Monday, April 8, 2013

From the readers: Old towns and buildings, history and memories

Memories are a big focus of this roundup of recent comments. Memories of buildings, the places where we grew up, the places where we played...

That's one of the neat things about ephemera. How a single photo or piece of paper can evoke a flood of recollections.

10 more marvelous meat treats from 1952 issue of Woman's Day: Anonymous writes: "I believe all this canned and processed stuff was still purchased and used a lot in the 1950s because of [the lingering effects of] World War II. Fresh food was often not available so canned food was all we had ... and we had to make the best of it. So the advertisers did their best, I guess!"

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Photos of Taftville/Ponemah Mill in eastern Connecticut: Anonymous writes: "Thank you for posting these pictures! My grandmother grew up in Taftville. Her father was a boss in the mill and she was a secretary."

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So much time for researching and writing, but so little ephemera: PostMuse writes: "Oooo ... mystery photos and computer magazines! Someday some future Papergreat is going to find my collection of letters and postcards and have a field day sharing it in whatever form of media of the day. I hope it is holographic, at least. My mountains of written correspondence needs to be 3D."

Of course, PostMuse's ephemera, including the archives of the Orphaned Postcard Project, will be well worth writing about 100 years or more from now. So I, too, hope this is all true!

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Inscription: Grandma doesn't approve of cutting cane as a career: Wendyvee of Wendyvee's writes: "Grandma knows what's best."

Indeed. I sure hope Elsa listened to that advice!

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Card: Domestic Sewing Machine and J.A. Altland of Farmers: This Victorian trade card sparked a nice discussion on the Preserving York Facebook page. Some excerpts:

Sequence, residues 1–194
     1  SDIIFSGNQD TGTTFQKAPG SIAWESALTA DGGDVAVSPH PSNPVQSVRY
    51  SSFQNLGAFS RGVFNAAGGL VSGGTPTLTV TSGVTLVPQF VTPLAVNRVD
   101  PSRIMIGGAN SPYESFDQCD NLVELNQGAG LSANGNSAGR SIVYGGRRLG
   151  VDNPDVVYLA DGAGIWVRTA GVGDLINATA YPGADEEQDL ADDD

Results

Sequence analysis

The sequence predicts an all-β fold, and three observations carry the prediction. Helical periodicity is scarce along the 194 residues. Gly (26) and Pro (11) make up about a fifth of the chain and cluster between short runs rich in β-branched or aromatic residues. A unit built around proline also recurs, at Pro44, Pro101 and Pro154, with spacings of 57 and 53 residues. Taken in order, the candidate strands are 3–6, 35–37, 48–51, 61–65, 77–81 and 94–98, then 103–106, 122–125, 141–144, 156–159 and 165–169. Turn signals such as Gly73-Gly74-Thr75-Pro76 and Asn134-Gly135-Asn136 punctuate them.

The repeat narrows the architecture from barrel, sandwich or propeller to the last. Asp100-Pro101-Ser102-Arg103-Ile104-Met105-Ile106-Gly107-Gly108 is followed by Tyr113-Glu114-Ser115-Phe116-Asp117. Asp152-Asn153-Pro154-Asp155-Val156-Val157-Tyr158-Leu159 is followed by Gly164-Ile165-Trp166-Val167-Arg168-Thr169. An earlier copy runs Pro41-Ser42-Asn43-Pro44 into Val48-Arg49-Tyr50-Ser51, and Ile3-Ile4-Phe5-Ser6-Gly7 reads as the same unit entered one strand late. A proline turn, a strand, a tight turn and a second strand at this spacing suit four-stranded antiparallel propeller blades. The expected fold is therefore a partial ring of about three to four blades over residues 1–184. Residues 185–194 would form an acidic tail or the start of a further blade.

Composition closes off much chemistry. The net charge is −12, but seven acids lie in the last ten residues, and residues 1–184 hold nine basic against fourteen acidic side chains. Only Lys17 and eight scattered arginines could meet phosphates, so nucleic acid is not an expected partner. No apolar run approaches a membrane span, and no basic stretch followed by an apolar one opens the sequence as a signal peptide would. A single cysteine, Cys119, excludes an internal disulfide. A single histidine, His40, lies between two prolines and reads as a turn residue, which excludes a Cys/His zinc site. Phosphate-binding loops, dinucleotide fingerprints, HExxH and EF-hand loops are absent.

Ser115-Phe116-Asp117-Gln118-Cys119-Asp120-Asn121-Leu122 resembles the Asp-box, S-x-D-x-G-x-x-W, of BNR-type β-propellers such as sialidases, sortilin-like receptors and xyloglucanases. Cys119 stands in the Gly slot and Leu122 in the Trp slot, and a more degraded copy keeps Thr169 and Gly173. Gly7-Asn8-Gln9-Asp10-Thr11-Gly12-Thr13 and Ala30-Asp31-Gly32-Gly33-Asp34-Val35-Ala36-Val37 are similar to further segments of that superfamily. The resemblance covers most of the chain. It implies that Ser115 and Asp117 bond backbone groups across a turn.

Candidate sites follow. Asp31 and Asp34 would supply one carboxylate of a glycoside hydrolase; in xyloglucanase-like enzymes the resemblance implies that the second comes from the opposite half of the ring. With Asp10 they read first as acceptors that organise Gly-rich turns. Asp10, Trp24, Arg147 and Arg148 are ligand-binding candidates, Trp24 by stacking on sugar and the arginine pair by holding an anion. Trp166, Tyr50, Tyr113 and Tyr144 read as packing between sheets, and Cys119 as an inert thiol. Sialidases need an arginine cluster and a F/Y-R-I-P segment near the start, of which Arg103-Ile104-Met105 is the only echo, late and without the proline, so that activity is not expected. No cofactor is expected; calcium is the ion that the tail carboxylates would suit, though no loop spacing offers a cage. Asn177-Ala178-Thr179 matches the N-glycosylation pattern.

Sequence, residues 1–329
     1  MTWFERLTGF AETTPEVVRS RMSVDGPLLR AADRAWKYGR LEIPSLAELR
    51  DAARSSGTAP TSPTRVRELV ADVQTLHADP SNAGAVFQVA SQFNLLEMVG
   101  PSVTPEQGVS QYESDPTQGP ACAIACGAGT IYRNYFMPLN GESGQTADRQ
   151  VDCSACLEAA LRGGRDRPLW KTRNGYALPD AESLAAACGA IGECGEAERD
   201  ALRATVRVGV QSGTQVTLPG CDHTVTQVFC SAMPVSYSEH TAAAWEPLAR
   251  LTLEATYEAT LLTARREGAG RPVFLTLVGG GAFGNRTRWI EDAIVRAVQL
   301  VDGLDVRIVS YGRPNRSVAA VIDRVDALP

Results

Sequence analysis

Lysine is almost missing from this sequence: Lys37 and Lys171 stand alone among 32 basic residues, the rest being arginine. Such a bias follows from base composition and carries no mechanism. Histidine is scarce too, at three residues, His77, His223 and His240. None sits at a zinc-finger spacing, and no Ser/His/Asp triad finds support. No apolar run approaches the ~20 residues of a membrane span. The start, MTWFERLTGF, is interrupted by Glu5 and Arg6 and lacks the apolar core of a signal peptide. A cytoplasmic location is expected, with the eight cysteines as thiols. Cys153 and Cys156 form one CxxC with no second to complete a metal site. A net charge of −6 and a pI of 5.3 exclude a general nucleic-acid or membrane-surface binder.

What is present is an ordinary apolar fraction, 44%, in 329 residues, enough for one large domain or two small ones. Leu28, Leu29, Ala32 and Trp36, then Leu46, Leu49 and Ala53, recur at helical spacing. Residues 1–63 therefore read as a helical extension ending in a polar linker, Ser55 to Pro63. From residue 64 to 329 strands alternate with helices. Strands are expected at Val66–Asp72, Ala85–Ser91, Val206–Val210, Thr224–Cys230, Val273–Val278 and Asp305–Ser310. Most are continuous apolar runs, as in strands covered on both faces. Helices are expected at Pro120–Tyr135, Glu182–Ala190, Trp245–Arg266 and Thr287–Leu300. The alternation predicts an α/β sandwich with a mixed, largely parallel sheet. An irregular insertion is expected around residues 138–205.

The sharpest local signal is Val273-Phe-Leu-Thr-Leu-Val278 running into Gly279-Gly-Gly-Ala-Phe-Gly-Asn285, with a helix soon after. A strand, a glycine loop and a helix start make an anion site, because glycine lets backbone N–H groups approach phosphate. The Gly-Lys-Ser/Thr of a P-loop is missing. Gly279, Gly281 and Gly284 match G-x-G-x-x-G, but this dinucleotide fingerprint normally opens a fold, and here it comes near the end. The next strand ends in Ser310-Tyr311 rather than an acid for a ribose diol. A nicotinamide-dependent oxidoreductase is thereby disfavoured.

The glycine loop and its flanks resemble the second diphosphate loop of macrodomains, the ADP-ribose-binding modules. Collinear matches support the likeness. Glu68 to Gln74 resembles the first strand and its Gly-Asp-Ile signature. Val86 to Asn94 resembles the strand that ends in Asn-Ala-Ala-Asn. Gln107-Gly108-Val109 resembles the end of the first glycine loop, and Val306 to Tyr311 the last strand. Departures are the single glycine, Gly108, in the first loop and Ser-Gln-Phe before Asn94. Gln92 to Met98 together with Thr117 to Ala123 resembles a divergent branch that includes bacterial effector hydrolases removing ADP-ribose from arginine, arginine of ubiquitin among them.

• Regina Kline Tufarolo Altland: "Have several J. Altland's in family tree in this era in Paradise Township - also Jacob Altland's farmhouse in Farmers was used by Confederate Gen. Gordon during Civil War (would like to know exactly where it is - think it's still standing). Philip Altland (1737-1804) was progenitor of most Altlands in that area; hence Altland Meeting House, Altland Cemetery - so Altland House at least carries the name - not sure of any connection without more research. Neat card!"
  • Blake Stough: "Christopher, I just realized that I obtained one of these today at the auction, but mine is stamped for the business of M.E. Hartzler, which was in the Odd Fellows Hall in York. Guess we both win!"

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Reader memories of West Pittston, Pennsylvania: Reader Jo Ott, the original guest author of this post, was kind enough to get in touch again and share the following:

"A few good things have happened since I posted that over a year ago. I joined the WP Historical Society and posted my family's history living there on their forum. In the meantime I looked up WP in the 1940 census which became available last year and specifically North St. where we lived. There I was able to locate names that were so familiar and some less so. I have heard from the son of one of the families who read my post in the forum. He must have been very young when we left for York as I do not remember him even though he remembers my family. He lives in Plains, PA, not far from WP and yesterday sent me a photo and asked if I knew who the people in it were. I sure did -- it was the little boy who I used to pull around in his little red wagon and his grandparents, sitting in front of the Christmas tree with the train underneath. In this photo Bobby is about 7 years older than when I pulled him in the wagon. (Google Dr. Robert A. Barnhart to see what an interesting career he has had.) I asked Jack to send more photos and unfortunately, many of the family and other photos were destroyed during Hurricane Agnes' flooding in 1972. We'll stay in touch with each other, possibly meet over the summer."